We’re pretty much all having a nasty winter; but as North-easterners, there are a few things we’ve learned that might help you:
1. Expect it to happen again. This winter isn’t over, and the weather tends to be cyclical. That being said-
2. Have at least 3 weeks of food on hand if you have room, including water. Even stock a few items you can eat right out of the can in case of power loss. Don’t forget a manual can opener.
3. Similarly, have a way to heat your house. If you already do, try to have a back-up. Be prepared to block off unused rooms in case of emergency. Hang a few quilts, er… maybe some beach towels (just kidding) in doorways to prevent heat loss and stay close to whatever heat source you have.
4. Protect the pipes. Did you know your water pipes can freeze and literally break if they get too cold? Heat wrapping them is a good back-up plan. Also, let them drip just a bit to keep the water flowing. In an emergency, it is better to turn them off and drain them; a bother that could save you a major headache in the long run.
5. Prepare adult and kid Blizzard Boxes. That’s what we call them anyway. For the kids, age appropriate games, toys and puzzles to keep them busy. Be sure at least some of them don’t require electricity. Add a few snacks they don’t otherwise get, those kind of things. These will keep your kids entertained on unexpected days off from school.
For the grown-ups maybe a few movies, a good book, and also snacks. Chocolate goes a long way during stressful times for both young and older.
If the winter ends and you didn’t need them, hooray! Have a little party!
6. Don’t forget the pets. Be sure to have enough food on hand for them. Also, since they sense stress in their loved ones, a little Blizzard Box for them would be wonderful too.
7. Preparedness doesn’t need to take up a lot of space. Thermal underwear and blankets go a long way to keep you warm, yet are quite thin. Bubble wrap on your windows will help keep the warm air in. A small camping stove will let you heat water if the power is out.
We in the north really do feel for you, our winter has been nasty as well.
But for us it is just a matter of colder, or more snow…
No pun intended, but its a matter of degree.
Stay warm and safe out there, and if ever our temps are going to go above 100F, we’ll call on you for help!
Categories: Preparedness & Green Living
5 January 2014, by gj
Plotting and planning.
Having a goal is great; whether it is to lose weight in the new year, start a new career as an entrepreneur, or grow a garden.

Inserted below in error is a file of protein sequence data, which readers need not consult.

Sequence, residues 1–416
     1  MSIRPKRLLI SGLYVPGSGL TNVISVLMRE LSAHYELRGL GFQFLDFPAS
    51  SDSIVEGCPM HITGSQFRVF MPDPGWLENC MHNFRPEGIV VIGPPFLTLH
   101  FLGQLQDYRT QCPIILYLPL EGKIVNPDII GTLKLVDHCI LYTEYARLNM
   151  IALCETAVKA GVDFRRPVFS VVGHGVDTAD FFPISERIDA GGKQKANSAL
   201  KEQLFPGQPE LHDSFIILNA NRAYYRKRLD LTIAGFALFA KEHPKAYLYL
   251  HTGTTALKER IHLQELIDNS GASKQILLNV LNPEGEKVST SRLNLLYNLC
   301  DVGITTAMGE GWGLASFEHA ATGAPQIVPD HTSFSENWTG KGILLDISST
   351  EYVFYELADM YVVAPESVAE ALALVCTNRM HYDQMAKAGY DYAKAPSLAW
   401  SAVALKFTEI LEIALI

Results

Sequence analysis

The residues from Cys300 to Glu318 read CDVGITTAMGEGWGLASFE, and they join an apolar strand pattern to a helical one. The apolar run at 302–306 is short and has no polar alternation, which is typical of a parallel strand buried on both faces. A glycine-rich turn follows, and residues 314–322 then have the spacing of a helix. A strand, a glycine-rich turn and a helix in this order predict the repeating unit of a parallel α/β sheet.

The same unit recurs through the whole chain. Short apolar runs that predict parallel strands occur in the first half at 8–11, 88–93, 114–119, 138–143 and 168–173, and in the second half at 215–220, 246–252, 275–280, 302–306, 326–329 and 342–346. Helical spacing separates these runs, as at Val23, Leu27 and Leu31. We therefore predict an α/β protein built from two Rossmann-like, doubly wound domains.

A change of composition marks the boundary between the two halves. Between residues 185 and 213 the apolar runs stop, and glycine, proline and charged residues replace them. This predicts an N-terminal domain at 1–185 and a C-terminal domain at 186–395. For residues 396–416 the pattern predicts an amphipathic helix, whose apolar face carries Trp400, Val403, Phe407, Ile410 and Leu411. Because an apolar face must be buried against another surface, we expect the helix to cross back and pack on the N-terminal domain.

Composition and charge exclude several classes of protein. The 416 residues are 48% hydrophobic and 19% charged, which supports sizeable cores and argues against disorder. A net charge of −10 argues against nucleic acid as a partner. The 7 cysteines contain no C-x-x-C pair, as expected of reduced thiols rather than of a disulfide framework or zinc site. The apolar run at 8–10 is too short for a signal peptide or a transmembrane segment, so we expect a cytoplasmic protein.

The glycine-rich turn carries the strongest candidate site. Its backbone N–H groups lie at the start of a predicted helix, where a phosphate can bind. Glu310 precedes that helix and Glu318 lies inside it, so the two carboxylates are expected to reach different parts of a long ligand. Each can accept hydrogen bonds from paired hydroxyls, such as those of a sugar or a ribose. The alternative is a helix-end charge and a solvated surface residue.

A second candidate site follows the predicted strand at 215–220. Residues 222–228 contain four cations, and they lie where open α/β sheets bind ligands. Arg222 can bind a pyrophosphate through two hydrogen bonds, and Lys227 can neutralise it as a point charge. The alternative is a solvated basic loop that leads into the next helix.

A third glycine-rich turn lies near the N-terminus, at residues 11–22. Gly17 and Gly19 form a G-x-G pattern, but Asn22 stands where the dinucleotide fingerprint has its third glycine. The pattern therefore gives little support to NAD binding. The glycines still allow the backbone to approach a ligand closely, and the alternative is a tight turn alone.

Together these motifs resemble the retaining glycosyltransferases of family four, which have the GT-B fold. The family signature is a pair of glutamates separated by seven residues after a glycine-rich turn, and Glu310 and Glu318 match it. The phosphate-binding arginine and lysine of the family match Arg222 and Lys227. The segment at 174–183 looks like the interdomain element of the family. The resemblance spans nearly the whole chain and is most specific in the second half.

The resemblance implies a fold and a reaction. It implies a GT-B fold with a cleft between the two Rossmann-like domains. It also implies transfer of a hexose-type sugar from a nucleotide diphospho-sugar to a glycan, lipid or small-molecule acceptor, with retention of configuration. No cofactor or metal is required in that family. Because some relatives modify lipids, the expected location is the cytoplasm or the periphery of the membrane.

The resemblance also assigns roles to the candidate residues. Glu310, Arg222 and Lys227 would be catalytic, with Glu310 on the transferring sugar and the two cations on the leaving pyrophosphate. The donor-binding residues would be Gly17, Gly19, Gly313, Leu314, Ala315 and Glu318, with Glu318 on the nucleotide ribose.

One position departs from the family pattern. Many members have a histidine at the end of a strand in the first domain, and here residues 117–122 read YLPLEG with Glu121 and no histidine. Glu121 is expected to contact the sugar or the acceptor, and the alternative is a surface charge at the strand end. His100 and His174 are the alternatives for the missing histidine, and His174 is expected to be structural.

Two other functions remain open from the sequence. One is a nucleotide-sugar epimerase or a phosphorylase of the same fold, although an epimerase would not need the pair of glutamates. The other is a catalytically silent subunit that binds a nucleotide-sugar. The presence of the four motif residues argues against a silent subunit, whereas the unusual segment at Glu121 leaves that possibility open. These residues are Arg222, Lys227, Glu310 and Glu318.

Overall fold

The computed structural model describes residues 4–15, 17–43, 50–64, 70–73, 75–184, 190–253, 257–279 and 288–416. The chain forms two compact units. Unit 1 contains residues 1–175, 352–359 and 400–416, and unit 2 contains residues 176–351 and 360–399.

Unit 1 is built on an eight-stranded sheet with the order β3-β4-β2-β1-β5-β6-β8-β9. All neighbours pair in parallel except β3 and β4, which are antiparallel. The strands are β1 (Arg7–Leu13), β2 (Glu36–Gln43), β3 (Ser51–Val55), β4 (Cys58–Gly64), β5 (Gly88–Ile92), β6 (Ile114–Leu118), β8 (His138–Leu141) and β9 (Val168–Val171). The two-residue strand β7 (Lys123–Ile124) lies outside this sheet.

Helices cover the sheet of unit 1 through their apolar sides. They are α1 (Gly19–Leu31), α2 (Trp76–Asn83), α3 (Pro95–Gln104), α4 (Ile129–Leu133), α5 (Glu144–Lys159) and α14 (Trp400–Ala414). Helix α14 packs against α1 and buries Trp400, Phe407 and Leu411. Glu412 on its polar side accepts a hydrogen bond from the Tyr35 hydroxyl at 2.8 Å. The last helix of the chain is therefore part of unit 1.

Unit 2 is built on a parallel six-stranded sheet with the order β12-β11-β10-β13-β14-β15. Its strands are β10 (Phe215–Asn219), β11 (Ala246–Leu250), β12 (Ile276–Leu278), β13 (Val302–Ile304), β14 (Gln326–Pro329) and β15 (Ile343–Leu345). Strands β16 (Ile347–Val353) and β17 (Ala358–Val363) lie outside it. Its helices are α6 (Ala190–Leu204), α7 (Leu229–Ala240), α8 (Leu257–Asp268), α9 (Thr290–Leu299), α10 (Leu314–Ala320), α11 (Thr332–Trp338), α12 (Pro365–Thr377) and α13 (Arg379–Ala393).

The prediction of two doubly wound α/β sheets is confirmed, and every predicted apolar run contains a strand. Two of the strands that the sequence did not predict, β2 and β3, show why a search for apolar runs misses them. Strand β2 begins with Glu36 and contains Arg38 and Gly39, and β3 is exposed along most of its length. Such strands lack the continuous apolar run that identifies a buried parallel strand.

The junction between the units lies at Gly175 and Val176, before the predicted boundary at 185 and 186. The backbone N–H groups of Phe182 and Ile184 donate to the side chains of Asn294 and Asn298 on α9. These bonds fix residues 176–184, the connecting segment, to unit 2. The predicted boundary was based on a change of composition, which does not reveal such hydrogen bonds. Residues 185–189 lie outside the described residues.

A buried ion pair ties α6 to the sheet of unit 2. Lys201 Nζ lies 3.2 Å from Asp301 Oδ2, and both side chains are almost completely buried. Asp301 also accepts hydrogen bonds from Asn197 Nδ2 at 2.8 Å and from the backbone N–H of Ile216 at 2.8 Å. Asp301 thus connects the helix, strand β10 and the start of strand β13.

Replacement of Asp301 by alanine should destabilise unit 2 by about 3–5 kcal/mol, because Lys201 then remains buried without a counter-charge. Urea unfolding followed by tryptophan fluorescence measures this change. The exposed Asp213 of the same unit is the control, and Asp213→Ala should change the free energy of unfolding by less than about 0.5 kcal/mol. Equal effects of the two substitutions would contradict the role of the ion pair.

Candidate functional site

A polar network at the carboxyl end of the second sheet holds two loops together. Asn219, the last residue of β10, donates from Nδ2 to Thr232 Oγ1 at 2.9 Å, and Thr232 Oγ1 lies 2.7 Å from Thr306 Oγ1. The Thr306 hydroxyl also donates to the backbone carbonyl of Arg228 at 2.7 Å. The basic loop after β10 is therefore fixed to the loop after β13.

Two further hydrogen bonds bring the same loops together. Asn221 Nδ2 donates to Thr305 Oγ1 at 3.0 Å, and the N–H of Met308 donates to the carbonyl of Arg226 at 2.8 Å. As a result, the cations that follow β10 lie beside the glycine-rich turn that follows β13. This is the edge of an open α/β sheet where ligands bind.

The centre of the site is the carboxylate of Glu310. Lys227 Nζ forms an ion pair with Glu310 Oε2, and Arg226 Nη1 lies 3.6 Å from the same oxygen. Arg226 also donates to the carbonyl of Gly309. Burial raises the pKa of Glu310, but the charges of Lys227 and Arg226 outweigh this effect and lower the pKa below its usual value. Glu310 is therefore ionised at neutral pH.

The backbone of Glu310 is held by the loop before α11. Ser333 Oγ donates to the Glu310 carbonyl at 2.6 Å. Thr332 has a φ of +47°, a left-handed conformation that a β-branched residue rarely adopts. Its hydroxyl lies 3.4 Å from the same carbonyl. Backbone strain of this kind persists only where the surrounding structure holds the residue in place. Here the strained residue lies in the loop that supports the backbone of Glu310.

Having a good plan however, can make all the difference.
The basics of writing a business plan can help you achieve your goal, whatever it is. So let’s leave the new business planning to the experts, and look at the wonderful goals of Getting Healthy and Growing Food:
1. State the goal specifically.
I want to get healthy is not as specific as I want to lose 2 pounds per month this year or I want to drop my overall cholesterol by 10 points.
Similarly, I want to grow food would be better stated I want to grow enough food to eat fresh and preserve for my family of 4.
2. Detail the steps you will take and make them achievable.
Do the research on what it takes to lower your cholesterol, as an example. Talk to your Doctor and Pharmacist. Find out what specific steps you need to take, and see which ones will work for you
Likewise, do you have the room to grow enough to sustain 4 people? That would be in the neighborhood of 2000 pounds of produce. If space is limited, rethink your goal. Otherwise, look at what techniques you can use, such as intercropping and succession planting, to optimize your harvest.
Yoga on the wii.
3. Plan for challenges.
Everybody is gathering for dinner at that new rib joint, what do you do?
Two weeks without rain, what now?
Life happens, plan on it. What is the old army adage, “Forewarned is forearmed”?
You know there will be stumbling blocks, but do what you can to be prepared. Maybe that will entail a rain barrel, perhaps a husband who is willing to share a dinner entrée. Decide ahead of time.
4. Know your own personality.
Are you the type of person who would rather set a goal of an Elephant, and be happy with a Mouse?
Or would you rather go for a Mouse, and be thrilled with an Elephant?
Do what works best for you.
If you are the type of person that does better with the support of others, use that to your advantage; just be careful, as supporters can also become enablers.
Set a goal that can be achieved alone, just in case.
5. Enjoy the journey.
Sure, the gardening goal sounds like a lot more fun than lowering cholesterol, but it doesn’t have to be. If you enjoy trying new foods and cooking, then you can have a blast experimenting with dishes and ingredients that are better for you.
Plan the steps you will take with your own enjoyment in mind, that will not only make the journey more enjoyable, but increase your chances of success at the same time.
Oh, and by the way, wouldn’t these two goals work well together?
Hmmm… I may have to go update my plan a bit.
Learn more about the Gardening Techniques mentioned in this post.
Categories: Preparedness & Green Living, You are What You Eat
27 December 2013, by gj
Happy little ones.
This blog is foremost about gardening; but the less money you spend in other areas, the more you will have to put into the garden.
That’s my logic, and I’m sticking with it.
So there are many simple things you can do to bring your energy bills down by cutting usage.
1. Sunlight is Free
It never ceases to amaze me when I see new homes with windows elaborately covered in drapes, and lights on all over the room.
Nature’s gift of sunlight can help in so many ways.
By opening those drapes you not only cut down on the use of light bulbs, it can lower your need for heat. Cover the windows as the sun goes down to likewise conserve the warmth.